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Waterfront stadium may be step closer
Friday October 13, 2006
By Bernard Orsman

The Government's strong desire for a national stadium on Auckland's waterfront got a boost last night when the Auckland City Council was thought to have voted behind closed doors to throw its support behind an option spanning Captain Cook and Marsden wharves.

The waterfront option potentially got another boost from Wednesday's announcement that the Ports of Auckland and Tauranga are in merger talks. The world's largest container shipping line, Maersk, will decide in the next few days which of the two ports will get its exclusive business. Picking Tauranga could free up space on ports land in Auckland for a stadium.

One suggestion is that the Government would smooth anti-competitive concerns about the merger in return for the ports companies facilitating a waterfront option. Rugby World Cup Minister Trevor Mallard refused to comment.

Last night, Ports of Auckland chief executive Geoff Vazey said he was open to the suggestion.

"If there was some way of continuing to handle the trade for the good of the country, which will be in their [Government's] interests as well, and accommodate a stadium, certainly that option gets looked at. The elements of that are all in play but we haven't had anybody come to us and say 'how about we do it this way'?" .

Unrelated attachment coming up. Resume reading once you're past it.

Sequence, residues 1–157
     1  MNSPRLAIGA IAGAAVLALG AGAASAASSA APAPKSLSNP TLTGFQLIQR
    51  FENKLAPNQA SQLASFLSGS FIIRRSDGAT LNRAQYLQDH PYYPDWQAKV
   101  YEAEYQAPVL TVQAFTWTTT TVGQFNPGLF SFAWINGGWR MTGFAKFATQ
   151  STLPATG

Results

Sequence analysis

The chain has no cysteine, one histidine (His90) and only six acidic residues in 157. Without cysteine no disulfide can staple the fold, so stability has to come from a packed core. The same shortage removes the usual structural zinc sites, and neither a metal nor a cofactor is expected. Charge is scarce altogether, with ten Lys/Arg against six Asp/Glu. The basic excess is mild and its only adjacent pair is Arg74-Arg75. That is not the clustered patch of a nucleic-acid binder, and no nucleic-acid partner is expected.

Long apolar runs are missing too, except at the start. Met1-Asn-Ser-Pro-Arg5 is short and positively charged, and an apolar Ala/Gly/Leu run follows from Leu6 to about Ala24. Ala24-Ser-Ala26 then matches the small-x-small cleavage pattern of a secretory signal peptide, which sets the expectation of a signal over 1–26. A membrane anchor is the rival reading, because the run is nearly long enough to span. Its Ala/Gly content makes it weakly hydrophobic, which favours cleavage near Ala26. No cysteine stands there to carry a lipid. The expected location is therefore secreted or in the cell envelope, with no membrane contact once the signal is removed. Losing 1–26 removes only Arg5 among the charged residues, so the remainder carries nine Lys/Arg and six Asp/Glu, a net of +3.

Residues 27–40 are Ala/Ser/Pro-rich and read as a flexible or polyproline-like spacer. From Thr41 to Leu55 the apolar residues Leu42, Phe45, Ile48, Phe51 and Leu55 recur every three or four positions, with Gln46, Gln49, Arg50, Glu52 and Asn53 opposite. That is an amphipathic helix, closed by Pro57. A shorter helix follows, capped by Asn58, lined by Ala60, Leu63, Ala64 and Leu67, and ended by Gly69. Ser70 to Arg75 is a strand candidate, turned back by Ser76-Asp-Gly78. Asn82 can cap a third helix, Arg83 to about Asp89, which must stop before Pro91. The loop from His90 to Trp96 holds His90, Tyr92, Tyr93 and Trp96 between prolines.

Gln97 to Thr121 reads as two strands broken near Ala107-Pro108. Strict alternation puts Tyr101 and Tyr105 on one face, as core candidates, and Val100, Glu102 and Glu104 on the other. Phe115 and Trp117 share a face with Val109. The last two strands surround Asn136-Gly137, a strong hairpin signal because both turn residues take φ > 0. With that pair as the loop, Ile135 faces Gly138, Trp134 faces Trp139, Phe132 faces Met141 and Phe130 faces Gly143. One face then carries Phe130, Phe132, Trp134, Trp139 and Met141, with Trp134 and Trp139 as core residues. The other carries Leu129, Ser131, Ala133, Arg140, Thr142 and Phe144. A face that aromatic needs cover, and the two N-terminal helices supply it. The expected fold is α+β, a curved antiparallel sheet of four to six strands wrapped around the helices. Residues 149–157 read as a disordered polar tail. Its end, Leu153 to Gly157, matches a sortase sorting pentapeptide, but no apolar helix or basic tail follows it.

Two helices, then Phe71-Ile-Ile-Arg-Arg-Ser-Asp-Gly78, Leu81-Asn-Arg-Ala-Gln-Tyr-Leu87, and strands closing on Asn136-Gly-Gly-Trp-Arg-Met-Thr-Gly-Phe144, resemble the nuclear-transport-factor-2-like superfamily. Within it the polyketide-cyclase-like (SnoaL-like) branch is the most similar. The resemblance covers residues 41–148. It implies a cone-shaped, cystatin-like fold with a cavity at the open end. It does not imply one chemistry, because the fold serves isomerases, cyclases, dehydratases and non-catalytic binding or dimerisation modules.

However, he sounded a warning about building a stadium on the 14ha Bledisloe Wharf, the third busiest container terminal in the country; and over the water between Captain Cook and Marsden wharves, used for importing used cars.

Mr Vazey said losing the Maersk contract to Tauranga would result in the loss of 50,000 to 70,000 containers a year - the same figure as the 8 per cent growth in containers a year at Auckland: "If they go it just stalls our growth for one year."

The long-term interests of the ports also needed to be considered, he said. About 1.25 million containers crossed the two ports and this was set to double in 10 years and reach five million containers in 20 years.

A decision on where to build a 60,000-seat stadium in Auckland as the premier venue for the 2011 Rugby World Cup is due to be made by the Cabinet this month. Prime Minister Helen Clark and Mr Mallard strongly support a waterfront stadium, to showcase New Zealand for the Rugby World Cup, and drive Auckland's aspirations to be a world-class city.

However, the decision to build a waterfront stadium from scratch or redevelop Eden Park from 47,500 to 60,000 seats will come down to cost and practical issues, such as building a new stadium in the tight timeframe. A figure of $600 million has been mooted for a stadium over the water.

If the waterfront is not a goer, the Government and Auckland City will support Eden Park.

About 10 options have been considered by the Government and Auckland City, including North Harbour Stadium, Mt Smart Stadium, at the Tank Farm on the waterfront, Ellerslie, Avondale and Alexandra Park racecourses, and Victoria Park.